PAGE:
NEW YORK (TheStreet) - Burger King (BKW) and Tim Hortons (THI) investors are certainly cheering the prospects of a merger between the fast-food burger chain and the Canadian doughnut-and-coffee outlet that could threaten McDonald's (MCD) supremacy in the quick-service food industry.
Shares of Burger King were surging 22% to $33.11, hitting a 52-week-high while Tim Hortons was rising 21% to $76.28, also hitting a new 52-week-high.
Burger King and Tim Hortons on Sunday disclosed that they're in discussions about a potential merger. If a new publicly-traded company is formed, it would be headquartered in Canada (Tim Hortons is based in Oakville, Ontario), making Burger King yet another U.S. company looking to move its headquarters out of the U.S., ostensibly to lower its tax rate. That's one reason equity traders appear to like the prospect for a merger.
But there are other reasons investors and consumers like this combination.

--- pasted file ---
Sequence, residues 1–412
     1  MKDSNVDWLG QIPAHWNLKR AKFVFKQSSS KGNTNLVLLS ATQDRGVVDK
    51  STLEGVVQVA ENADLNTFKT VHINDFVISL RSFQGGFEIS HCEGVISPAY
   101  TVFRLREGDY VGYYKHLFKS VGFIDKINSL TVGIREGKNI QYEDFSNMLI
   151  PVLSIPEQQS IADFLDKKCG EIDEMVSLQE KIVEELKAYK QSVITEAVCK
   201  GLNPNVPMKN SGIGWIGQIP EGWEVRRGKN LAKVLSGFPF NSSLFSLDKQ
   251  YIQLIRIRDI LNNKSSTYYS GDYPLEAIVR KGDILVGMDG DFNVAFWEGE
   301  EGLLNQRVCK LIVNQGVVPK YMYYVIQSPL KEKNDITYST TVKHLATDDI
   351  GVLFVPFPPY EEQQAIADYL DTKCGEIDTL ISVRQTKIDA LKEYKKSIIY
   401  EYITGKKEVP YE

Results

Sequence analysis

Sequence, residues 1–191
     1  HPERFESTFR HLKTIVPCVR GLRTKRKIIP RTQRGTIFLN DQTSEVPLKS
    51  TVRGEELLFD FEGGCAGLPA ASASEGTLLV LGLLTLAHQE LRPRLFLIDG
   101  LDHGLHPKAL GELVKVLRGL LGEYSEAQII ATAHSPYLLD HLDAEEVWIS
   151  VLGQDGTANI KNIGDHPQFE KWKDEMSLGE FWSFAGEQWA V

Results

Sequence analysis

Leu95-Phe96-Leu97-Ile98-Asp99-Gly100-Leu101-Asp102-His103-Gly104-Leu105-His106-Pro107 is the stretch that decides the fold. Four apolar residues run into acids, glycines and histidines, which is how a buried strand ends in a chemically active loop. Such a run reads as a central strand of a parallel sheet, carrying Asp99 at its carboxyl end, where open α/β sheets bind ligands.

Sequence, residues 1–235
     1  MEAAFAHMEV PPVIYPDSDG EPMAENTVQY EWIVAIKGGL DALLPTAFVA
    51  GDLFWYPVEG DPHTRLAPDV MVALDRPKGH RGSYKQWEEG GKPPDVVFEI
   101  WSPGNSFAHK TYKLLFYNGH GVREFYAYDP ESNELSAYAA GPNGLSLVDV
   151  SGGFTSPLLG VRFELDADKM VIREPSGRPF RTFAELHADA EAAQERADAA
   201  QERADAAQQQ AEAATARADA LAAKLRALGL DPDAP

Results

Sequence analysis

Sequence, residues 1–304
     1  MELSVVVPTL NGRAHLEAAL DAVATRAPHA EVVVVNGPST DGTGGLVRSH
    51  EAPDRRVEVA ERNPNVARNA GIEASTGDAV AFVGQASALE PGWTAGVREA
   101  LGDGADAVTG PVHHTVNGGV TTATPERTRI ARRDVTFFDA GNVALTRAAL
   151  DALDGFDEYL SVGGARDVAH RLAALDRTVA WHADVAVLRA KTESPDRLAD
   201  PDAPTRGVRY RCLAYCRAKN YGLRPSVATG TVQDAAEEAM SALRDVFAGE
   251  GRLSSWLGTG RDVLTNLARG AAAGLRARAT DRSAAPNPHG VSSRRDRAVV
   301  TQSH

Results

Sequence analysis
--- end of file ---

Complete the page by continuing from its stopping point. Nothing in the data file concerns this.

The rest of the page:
Watch the video below for more on what a merger of Burger King and Tim Hortons would mean:
Tim Hortons operates 4,546 restaurants, mainly in Canada and in the U.S. Northeast while Burger King has more than 13,000 franchised locations in 98 countries. A combined Burger King and Tim Hortons would have 18,000 restaurants in 100 countries with about $22 billion in sales. The companies said a merger would create the world's third-largest fast-food restaurant company.
Read More: Doughnuts-Burgers Shake Up the Landscape
If a deal is consummated, Burger King and Tim Hortons would continue to operate as standalone brands, while "benefiting from shared corporate services, best practices and global scale and reach," the release says. "A key driver of these discussions is the potential to leverage Burger King's worldwide footprint and experience in global development to accelerate Tim Hortons' growth in international markets."
And while the two companies could probably create efficiencies in marketing, operations and streamlining their supply chains, here are three other reasons a deal could be yummy for both consumers and investors.